The next step for me was to make that continuous walls also rounded in the corners: For this i programmed some bezier curves for the printhead to move along:
The next two models show the basic principle again: There are more curls produced at the lower layers and less at the top layers. With the right model i started already at a lower layer not to elevate the printhead in the middle of the segment any further than the overall elevation and because of that the right model looks more “closed” on top:
As i thought i had produced enough curly looking models for now, i decided to try to produce less curls and see, if this way the wall would become straight again on the top of the model.
For the next model i used way less extrusion than for the models above (about a third) and i also lowered the speed of the movement of the printhead. I got my numbers from that perfectly built up cone model i did before (see: tests 07).
Even if the filament fell down onto the model quite randomly where the printhead was elevated high enough, similar looking structures were evolving:
Due to the density on the rounded corner parts of the wall, i first had to make a grid again, so that the model would stay stuck to the bed of the printer during printing.
After about 120 layers (and more than 45 minutes), some really nice looking structures became visible:
As you can see in the photo below, even if there is random, there is nevertheless an underlaying structure becoming apparent:
Unfortunately with this model the height differences became too big and, as you can see in the photo below, the printhead would burn the model in the corner areas where the angle of the model is almost the same as the angle of the side of the printhead.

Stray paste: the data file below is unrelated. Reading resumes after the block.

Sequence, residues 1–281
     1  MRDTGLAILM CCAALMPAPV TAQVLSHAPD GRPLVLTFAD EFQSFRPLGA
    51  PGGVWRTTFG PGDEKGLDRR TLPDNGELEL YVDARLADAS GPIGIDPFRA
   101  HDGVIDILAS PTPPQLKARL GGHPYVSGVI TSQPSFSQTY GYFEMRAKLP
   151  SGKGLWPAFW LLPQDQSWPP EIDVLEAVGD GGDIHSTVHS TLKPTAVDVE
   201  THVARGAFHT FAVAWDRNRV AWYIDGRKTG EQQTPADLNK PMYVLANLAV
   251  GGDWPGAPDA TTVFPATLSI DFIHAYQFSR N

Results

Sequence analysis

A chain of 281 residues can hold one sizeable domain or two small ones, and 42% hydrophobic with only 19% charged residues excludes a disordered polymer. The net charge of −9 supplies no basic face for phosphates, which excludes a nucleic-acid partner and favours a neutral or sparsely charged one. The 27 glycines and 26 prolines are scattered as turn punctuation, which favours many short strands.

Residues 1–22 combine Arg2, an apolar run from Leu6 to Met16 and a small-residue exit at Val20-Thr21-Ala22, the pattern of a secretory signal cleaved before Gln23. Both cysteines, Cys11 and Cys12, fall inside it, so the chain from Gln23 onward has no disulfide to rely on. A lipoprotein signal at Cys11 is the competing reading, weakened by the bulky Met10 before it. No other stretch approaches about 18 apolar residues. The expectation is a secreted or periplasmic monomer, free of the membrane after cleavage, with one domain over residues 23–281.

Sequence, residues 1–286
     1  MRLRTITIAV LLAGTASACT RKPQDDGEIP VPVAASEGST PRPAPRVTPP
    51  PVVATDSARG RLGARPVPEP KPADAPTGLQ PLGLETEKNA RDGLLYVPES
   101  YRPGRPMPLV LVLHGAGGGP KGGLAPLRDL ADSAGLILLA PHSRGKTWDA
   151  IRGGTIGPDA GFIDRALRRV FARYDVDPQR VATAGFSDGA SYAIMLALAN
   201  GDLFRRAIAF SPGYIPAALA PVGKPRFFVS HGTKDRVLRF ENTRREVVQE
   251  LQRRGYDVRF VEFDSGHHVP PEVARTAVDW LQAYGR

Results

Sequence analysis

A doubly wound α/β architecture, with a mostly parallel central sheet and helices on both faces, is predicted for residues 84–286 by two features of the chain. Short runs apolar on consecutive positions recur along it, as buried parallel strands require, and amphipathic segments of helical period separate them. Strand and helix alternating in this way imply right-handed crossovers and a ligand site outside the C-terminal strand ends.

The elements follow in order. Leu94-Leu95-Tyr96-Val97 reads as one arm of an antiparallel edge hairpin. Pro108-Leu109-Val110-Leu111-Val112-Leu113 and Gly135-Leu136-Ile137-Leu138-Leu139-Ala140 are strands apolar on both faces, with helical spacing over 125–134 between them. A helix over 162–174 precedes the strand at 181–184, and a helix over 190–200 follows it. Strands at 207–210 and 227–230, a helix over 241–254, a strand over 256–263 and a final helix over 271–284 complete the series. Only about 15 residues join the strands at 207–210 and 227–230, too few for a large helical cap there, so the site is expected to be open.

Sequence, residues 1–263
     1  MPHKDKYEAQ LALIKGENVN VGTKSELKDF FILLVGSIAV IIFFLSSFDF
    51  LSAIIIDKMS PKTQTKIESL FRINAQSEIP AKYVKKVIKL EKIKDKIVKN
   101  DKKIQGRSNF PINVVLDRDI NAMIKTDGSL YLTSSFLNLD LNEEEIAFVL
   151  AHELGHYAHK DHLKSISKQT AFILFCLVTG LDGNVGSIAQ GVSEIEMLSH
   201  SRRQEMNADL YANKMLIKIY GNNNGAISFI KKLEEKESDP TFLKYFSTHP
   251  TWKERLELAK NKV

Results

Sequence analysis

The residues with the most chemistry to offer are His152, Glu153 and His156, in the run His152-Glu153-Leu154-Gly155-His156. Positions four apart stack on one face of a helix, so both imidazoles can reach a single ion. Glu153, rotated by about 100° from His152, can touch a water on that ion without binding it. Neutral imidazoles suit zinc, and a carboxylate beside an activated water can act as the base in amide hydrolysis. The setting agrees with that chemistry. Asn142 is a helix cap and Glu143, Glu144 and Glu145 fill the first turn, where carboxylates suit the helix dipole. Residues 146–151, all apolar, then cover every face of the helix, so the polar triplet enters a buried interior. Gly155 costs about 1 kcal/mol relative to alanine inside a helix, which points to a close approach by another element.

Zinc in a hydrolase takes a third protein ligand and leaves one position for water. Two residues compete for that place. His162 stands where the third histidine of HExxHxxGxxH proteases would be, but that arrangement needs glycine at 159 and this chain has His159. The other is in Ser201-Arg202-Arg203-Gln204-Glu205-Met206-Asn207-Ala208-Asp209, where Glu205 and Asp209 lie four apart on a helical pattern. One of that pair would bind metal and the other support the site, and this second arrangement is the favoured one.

There are two possible solutions to that:
a) don’t make a model where the differences in heights are too big in a small area.
b) don’t be lazy like i was and programme the movement better, so that the printhead would not just simply change directions in the corners, but approach them already lowered down a bit more.
I decided in favor of b) and i also changed the bezier curves a little bit, so that the rounded corners would be a bit more open.
With the next model i made less curly layers on the bottom to see, if the model would “close” earlier on top than the previous one, and yes, it did: not yet on top of the big curves, but you can see it on the right side on top of the smaller curves:
Because of a similar burning problem with some earlier wall-models, i made the elevation in the middle of the segments also depending on the length of the segment: That means if the bezier curve is shorter, there is less elevation going on and it will look more “closed” at a lower layer already.
These experiments about “closing on top” were showing me, that exactly the opposite from what happend with that twisted bezier curve model (see: tests 20: some small error on the bottom of the model continued until the top layers without going away) is also possible!
Some curls (“errors”) can actually be covered up again, if there are just enough “straight” layers on top or if the way the wall is built remains slightly curly. But the exact behavior seems to be depending on the factors elevation, speed and extrusion - again.
And finding out the right combination between these three parameters seems to continue to be the really hard but of course also really interesting part! :)